Cartoons and Crusades: Booth, Herter, and the Making of a Tapestry

If you’ve ever visited the Cranbrook House library, you’ve probably noticed The Great Crusade, a large tapestry hanging on the south wall.  Many people associate tapestries with medieval times, when they were used to keep drafty castles warm in winter.  Woven wall hangings were also popular as decorations, especially as a sign of wealth since the extensive labor and pricy materials made tapestries more expensive to produce than paintings.  While most of the tapestries that adorn Cranbrook House are fifteenth-century Flemish, The Great Crusade is a toddler; though it utilizes a historic technique, it was designed and produced in the early twentieth century.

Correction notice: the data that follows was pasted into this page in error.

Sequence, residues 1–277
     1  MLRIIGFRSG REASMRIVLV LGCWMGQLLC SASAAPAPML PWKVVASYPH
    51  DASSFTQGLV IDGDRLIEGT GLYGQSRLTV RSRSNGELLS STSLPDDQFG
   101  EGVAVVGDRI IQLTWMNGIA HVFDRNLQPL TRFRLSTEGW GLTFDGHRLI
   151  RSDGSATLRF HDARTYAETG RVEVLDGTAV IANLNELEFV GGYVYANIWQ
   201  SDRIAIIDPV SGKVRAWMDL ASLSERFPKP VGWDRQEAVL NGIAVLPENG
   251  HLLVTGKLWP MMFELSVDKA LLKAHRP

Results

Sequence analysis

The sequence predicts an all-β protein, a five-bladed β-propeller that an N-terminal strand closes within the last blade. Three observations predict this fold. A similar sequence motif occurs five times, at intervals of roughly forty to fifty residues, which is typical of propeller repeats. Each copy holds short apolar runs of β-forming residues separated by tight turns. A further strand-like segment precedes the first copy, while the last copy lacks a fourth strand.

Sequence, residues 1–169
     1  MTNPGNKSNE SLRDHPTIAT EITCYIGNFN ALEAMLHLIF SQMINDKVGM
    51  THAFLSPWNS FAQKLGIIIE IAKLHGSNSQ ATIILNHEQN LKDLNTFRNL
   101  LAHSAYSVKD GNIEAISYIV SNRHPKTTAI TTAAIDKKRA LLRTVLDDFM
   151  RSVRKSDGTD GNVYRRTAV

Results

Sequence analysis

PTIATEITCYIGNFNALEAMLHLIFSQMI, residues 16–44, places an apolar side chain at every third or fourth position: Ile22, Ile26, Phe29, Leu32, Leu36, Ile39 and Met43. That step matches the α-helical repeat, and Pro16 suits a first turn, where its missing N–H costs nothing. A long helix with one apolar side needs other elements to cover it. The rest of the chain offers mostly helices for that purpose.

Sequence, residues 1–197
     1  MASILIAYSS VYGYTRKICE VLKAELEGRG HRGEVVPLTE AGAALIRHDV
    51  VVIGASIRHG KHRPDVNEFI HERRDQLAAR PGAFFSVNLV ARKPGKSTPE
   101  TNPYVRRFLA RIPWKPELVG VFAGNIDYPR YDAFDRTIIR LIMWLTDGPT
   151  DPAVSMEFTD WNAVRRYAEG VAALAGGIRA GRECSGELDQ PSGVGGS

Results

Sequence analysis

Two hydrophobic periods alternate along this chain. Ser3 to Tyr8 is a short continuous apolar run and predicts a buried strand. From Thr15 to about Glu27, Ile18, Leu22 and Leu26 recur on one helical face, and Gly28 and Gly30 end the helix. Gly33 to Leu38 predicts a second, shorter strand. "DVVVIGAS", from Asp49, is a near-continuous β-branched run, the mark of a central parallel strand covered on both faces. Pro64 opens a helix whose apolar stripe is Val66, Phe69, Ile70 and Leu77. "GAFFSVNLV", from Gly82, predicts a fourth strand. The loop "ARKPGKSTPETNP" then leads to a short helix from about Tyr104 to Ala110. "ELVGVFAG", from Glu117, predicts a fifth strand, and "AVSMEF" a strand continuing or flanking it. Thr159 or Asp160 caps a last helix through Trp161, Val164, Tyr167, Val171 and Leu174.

Herter Looms, The Great Crusade, 1920.  Cranbrook Art Museum.

Herter Looms, The Great Crusade, 1920. Cranbrook Art Museum.

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